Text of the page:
Green Leadership Requires Leaders. Walmart’s entire management team is focused upon their sustainability initiatives. It is core to their business strategy. A company’s leadership commitment to sustainability is the most important link in a company’s green supply chain. Case in point, here is Jeff’s summary of Walmart’s commitment to sustainability:

At Walmart offering lowest prices on our quality products is the foundation of our business model. What Walmart is achieving, and continues to work upon, is the development of sustainable best practices that are aligned with our corporate vision of Save Money. Live Better. Walmart’s greening of our supply chain and the adoption of sustainable business best practices are generating dramatic reductions in emissions and waste that align with our continuous process of reducing costs which enables our ability to offer lowest prices on quality products.

A best practice example of aligning Value with Values!

Bill Roth is the founder of Earth 2017, an open source site for emerging trends on the smart, healthy and green economy. His book, The Secret Green Sauce, profiles best practices of businesses making money going green.

 


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  • Greg

    The writer makes a claim that “It is estimated that Walmart touches one out of every three dollars of global commerce.” That does not seem to be plausible. Who made such an estimate? Is this a Walmart number or some independent entity? Of ALL GLOBAL COMMERCE? Really.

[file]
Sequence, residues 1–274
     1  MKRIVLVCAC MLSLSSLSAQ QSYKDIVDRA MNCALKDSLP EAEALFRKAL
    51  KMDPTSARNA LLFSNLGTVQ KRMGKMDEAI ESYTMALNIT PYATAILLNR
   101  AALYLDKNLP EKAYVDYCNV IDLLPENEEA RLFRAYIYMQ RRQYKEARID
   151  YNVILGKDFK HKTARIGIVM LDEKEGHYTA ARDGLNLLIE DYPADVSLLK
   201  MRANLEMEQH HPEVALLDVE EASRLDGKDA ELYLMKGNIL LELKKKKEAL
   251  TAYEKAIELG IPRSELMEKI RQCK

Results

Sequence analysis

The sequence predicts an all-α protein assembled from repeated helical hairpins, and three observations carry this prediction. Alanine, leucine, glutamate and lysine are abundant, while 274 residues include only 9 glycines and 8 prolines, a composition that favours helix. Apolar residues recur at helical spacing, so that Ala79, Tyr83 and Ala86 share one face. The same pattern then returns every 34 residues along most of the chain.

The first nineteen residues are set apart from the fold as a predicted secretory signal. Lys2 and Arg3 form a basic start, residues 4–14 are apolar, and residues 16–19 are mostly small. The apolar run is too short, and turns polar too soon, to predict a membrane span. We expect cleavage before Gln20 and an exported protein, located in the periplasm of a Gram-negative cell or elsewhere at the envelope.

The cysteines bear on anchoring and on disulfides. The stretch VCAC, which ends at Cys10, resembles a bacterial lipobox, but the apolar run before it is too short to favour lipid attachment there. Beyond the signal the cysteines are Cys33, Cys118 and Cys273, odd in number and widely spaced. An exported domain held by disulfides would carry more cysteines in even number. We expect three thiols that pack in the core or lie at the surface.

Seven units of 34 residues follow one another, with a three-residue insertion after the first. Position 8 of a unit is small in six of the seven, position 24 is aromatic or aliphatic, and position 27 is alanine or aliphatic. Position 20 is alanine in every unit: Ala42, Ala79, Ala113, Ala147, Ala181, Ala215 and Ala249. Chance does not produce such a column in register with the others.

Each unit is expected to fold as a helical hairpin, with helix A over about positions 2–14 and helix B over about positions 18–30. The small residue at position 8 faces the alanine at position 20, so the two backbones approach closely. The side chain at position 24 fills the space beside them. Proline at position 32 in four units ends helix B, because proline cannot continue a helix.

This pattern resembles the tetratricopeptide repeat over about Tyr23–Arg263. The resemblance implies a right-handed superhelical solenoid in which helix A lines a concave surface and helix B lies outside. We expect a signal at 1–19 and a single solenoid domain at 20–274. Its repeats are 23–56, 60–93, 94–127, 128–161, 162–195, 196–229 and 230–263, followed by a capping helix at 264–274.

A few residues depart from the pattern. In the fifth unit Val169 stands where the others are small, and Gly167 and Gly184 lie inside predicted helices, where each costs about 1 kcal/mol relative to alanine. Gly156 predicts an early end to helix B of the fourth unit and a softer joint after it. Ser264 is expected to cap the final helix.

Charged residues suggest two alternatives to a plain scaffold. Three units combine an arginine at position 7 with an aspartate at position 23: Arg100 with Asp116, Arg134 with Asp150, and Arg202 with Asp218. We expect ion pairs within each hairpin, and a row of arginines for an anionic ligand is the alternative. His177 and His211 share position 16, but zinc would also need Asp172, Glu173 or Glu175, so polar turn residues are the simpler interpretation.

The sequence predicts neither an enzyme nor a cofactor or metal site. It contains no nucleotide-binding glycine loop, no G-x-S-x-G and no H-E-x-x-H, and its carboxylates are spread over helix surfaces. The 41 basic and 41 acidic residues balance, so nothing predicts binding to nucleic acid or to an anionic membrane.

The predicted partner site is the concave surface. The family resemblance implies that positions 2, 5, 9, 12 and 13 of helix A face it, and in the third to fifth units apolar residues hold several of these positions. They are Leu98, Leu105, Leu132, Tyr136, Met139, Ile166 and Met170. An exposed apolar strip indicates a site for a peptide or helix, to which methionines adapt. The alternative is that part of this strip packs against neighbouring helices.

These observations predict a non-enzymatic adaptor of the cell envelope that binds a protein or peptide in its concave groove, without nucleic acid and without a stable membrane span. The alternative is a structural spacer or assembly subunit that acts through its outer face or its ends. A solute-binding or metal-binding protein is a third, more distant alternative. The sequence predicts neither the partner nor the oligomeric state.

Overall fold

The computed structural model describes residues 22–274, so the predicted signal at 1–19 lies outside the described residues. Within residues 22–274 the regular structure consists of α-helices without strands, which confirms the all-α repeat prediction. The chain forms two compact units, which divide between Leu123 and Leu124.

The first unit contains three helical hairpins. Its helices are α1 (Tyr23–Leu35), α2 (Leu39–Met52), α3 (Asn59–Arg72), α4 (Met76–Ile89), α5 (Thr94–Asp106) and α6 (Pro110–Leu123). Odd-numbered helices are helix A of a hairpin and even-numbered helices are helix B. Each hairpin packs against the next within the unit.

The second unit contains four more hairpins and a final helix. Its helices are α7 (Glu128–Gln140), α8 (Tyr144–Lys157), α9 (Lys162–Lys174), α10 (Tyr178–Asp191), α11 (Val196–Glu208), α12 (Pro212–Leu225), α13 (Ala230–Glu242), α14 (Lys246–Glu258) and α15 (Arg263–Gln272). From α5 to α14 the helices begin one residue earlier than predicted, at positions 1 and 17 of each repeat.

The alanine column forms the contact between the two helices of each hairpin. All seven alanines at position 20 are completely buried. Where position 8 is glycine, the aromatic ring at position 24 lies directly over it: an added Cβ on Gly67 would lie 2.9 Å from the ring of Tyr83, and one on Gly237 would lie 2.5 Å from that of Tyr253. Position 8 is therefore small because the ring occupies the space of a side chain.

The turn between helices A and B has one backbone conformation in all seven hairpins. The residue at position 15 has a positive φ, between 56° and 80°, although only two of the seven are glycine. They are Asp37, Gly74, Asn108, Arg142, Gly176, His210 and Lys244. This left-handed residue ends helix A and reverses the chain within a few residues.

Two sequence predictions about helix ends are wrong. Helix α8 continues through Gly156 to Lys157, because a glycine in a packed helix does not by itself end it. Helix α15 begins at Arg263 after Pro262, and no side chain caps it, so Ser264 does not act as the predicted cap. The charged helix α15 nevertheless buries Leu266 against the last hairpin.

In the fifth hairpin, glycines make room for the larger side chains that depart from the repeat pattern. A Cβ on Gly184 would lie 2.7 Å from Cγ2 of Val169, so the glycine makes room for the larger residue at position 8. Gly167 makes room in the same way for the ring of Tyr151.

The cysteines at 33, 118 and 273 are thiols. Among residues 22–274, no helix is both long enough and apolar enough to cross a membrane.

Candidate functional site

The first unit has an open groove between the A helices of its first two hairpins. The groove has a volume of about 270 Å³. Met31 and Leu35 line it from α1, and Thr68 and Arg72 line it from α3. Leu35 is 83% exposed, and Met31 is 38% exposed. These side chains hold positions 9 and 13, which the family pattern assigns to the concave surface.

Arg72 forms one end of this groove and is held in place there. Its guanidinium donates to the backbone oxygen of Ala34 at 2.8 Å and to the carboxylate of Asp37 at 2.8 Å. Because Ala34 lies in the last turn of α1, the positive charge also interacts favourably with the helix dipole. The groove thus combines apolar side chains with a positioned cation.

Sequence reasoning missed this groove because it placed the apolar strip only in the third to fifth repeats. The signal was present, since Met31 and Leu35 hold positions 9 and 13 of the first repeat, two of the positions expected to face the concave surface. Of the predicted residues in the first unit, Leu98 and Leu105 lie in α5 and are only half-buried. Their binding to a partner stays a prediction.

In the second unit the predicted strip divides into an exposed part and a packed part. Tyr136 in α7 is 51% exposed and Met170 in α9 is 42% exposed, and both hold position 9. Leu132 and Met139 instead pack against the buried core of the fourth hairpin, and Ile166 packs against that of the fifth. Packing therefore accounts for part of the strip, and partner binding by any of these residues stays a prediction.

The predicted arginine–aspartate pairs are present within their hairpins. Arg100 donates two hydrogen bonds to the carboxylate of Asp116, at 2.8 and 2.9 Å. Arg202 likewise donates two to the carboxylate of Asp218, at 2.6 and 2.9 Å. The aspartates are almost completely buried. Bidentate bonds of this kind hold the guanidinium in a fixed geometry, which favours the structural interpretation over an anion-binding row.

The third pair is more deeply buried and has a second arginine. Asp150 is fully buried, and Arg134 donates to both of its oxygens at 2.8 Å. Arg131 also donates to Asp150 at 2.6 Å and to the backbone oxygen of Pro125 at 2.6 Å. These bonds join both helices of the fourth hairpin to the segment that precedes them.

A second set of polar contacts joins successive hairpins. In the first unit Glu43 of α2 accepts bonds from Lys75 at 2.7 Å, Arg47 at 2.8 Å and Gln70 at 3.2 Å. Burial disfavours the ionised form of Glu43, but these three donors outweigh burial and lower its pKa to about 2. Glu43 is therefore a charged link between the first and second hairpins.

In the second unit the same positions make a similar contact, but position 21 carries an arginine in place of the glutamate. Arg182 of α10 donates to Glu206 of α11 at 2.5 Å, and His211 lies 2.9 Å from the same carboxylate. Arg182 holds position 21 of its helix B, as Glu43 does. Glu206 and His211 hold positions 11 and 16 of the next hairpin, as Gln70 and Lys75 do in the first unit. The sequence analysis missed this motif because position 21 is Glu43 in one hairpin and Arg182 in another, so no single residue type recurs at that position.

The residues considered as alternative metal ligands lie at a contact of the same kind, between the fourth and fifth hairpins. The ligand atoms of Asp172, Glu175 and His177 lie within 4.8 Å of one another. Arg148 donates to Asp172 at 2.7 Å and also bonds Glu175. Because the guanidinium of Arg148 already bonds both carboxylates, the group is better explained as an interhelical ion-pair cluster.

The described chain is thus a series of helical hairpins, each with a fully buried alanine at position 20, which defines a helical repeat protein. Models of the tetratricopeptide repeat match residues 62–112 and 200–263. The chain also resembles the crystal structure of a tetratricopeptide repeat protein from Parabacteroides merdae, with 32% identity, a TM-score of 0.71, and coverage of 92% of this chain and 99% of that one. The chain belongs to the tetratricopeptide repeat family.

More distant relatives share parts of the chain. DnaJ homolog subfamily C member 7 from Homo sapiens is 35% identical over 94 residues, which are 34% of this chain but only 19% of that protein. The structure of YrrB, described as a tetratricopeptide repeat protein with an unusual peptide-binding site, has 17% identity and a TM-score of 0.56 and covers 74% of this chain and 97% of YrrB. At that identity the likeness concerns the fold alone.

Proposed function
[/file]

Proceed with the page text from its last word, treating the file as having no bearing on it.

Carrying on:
• http://www.earth2017.com Bill Roth

      Hi Greg, good for you to question this number. The fact is that Walmart and their supply chain do represent the world’s largest commercial system. What gives me encouragement is their stories on how their associates around the world are engaging in sustainability. And how their international supply chain is responding to their 15 challenging sustainability questions. The question I wished you had raised is what about the other 2/3rds of world commerce?
      Bill

    • Jen Boynton

      Hey Greg,

      Bill got the number from Paul Herman at Hip Investor and I’ve updated the post with a citation. Thanks for the catch!

      Cheers,

      Jen